More and more research is pointing to the role the immune system plays in causing neurological disorders. Finding out how it fits with psychosis will be the focus of the annual Immune Function in Psychosis (iPsychosis ) meeting at NUI Galway today and tomorrow June 29 and June 30.
The aim of this year’s conference is to link up researchers in the field, and establish a European network in the area. Topics covered will range from the genetics of immune function in psychosis to pharmacological approaches to treating inflammation in psychosis.
Speaking in advance of the event Professor Gary Donohoe from the School of Psychology at NUI Galway, said: “The iPsychosis meeting will bring together international leaders in the field of psychosis research to discuss the role of immune function in the development of schizophrenia and related disorders. Generously funded by Science Foundation Ireland, this two day meeting will be an opportunity to review current knowledge, identify gaps and plan future research in this important area.”
World leaders in the field who will speak at the conference include:
Professor Oliver Howes, King’s College London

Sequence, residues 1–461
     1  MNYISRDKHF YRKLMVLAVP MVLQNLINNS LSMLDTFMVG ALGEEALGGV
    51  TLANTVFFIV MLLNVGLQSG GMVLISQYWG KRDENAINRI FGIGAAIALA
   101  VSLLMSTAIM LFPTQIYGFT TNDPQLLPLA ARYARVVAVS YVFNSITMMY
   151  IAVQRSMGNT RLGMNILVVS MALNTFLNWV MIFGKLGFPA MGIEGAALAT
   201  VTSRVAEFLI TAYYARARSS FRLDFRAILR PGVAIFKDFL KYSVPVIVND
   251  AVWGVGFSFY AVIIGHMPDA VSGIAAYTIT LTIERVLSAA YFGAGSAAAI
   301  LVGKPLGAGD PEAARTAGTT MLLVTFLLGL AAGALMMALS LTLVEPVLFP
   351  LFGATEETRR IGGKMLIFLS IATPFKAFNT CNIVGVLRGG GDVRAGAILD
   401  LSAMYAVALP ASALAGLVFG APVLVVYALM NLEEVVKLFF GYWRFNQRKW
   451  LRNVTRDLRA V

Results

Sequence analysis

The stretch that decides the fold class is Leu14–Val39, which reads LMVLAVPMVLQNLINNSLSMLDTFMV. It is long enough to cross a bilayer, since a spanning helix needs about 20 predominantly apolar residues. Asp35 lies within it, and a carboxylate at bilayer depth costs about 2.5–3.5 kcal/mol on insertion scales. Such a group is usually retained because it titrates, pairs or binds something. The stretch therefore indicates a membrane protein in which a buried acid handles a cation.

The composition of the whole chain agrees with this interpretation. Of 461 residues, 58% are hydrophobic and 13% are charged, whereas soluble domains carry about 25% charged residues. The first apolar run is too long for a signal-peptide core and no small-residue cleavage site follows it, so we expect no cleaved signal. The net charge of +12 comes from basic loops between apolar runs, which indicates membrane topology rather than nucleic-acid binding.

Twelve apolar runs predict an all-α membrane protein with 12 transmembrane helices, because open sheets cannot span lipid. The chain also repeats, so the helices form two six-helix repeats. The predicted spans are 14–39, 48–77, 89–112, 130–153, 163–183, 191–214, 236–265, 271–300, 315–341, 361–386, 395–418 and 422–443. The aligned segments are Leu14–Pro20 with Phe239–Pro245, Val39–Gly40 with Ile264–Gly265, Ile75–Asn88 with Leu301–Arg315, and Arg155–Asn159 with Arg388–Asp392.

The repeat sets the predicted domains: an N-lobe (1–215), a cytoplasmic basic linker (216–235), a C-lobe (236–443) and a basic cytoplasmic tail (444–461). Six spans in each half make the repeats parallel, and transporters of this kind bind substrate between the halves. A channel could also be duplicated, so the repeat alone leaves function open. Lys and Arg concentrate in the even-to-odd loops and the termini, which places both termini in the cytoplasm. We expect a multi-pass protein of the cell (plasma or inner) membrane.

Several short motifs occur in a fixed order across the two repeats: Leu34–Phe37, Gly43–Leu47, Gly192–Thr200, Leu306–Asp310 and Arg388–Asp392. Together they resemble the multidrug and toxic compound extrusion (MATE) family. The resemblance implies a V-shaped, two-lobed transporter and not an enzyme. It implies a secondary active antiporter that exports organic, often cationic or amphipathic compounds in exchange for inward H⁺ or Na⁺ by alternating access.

Dr Tina Notter, University of Zurich
Professor Norbert Muller-Ludwig, Maximilians Univeristy Munich
Professor Hemmo Drexhage, Erasmus Medical Center, Rotterdam
Dr Golam Khander, University of Cambridge
Professor Brian Leonard, NUI Galway
Dr Golum Khandaker, Clinical Lecturer in Cambridge Neuroscience at University of Cambridge, said: “Research on the immunological basis of schizophrenia is at the cutting edge of research into the causes of this highly disabling disorder. A better understanding of the immunological basis of schizophrenia and related psychotic disorders may lead to new treatments.”
The conference will take place today Thursday 29 June from 8:30am-5pm and tomorrow Friday 30 June, from 9am-5pm in room G065 of the Arts Millennium Building at NUI Galway.
For more conference details, visit: http://www.conference.ie/Conferences/index.asp?Conference=499